Robotics Teaches STEM Skills and More

April 4, 2019

Back row, left to right: Mentor Brendan Tickle '16, Zach Maher '19, Mentor Walter Harrier, Thomas Cunningham '20, Dan Rueter '21, John Anderson '20, President Frank Miley, Xuan An Le '21, Coach Nick Montelibano '12, Lauren Mohs '18. Front Row, left to right: Coach Lexie Klaus Montelibano '12, Ian Machado '20, Callahan Rios '19, Seamus Dougherty '22Programming, engineering, project management, problem-solving, marketing, and more all come together on the RaiderBots. CDH's Robotics team is made up of about 20 students who create a robot that can compete against schools from across the metro area.

FIRST Robotics, the umbrella organization, creates a new challenge every year. In this year's challenge, "Destination: Deep Space," robots had to travel from their home base to a spaceship in the middle of the field and load it with various supplies. Teams are required to start from scratch every year, building out a completely new robot.

"It takes a lot of technical skills, like programming and building, but also teamwork, communication, and planning," said Callahan Rios '19, team co-captain.

Problem-solving is one of the primary skills that students build through Robotics, and the organization encourages a model they call "coop-etition," where teams help each other out to keep the level of play high. For example, when CDH got to their competition in Duluth last month and realized they were missing their robot's bumper, they asked other teams for extra parts and quickly built a replacement.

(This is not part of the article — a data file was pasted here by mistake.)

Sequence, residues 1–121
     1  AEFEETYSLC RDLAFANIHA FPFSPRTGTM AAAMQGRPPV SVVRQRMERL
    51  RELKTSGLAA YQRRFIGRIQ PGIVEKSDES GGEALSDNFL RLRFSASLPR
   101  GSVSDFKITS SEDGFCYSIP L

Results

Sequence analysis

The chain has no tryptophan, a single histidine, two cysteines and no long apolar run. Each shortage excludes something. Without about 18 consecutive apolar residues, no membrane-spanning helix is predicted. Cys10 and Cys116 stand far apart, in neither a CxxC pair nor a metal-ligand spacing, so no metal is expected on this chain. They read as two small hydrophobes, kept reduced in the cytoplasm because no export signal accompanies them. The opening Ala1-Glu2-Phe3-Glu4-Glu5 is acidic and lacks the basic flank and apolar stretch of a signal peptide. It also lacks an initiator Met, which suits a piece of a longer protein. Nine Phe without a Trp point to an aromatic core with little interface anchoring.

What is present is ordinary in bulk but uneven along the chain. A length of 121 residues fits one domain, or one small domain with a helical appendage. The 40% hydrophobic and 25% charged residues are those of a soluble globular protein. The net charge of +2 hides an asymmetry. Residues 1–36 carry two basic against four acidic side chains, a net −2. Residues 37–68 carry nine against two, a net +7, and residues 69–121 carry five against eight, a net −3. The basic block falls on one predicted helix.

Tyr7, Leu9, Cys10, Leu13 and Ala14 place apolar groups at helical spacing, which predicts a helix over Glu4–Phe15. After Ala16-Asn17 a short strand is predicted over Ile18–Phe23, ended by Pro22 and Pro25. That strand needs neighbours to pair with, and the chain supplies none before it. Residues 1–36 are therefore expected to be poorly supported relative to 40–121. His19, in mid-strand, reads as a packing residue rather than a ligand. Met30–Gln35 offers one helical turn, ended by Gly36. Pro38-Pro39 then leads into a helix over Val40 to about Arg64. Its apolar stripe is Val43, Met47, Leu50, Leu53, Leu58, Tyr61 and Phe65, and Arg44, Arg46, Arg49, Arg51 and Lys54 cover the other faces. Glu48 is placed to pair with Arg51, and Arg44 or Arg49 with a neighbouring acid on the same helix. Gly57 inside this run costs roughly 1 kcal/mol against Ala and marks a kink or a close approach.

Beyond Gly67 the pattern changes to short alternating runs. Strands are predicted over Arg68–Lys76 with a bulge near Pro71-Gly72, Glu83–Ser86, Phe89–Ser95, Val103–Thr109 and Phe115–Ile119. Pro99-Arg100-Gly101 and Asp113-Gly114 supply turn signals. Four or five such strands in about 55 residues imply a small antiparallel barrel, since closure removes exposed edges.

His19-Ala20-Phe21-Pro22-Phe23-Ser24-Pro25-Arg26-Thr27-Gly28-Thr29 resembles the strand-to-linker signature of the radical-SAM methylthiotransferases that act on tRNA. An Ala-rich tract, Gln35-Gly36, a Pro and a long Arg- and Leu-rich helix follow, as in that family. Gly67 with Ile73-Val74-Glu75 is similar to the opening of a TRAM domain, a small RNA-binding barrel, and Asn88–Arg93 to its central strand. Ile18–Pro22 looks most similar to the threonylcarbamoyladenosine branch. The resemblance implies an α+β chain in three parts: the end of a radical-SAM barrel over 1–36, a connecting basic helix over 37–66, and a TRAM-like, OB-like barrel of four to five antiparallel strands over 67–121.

"It's really about learning the mindset of having a Plan A, a Plan B, and the ability to figure something out if neither of those work. The students learn how to solve problems without getting overwhelmed, which is a great skill for the real world," said Coach Lexie Klaus Montelibano '12.

All that problem-solving feels worth it when they finally get the robot to do what it's meant to do. This year's game involved making the robot climb a ladder, and the team kept getting stuck. Until, while they were in Duluth, they finally got it to happen. To see the robot in action, check out the video here. The CDH robot is the one with "2450" painted on the side. 

"Watching it climb, after we put all that work in - that was probably the best moment of the season," said team co-captain Thomas Cunningham '20

Cunningham joined robotics as a ninth grader with an interest in programming but no experience.

"People think you have to know things to join," he said. "You definitely do not. There's something for everyone, and if you have any interest in STEM and the time to commit, you'll learn a ton."

Rios agreed. "It's hands-on learning, which is the best kind," she said. "You just play around until you figure it out - it's not even hard."

Montelibano, who coaches the team along with her husband, Nick Montelibano '12, finds that Robotics combines her favorite things about engineering. The students enjoy working with professionals in the field and learning from them.

"It's similar to a work environment in some ways," Rios said. "They're adults with jobs so they treat it like a job. They help us but don't solve things for us, and expect us to be responsible."

This year's season just ended with the Minneapolis Regionals at the end of March. Next year's season will start in the fall. Students who are interested in joining should contact the Montelibanos at


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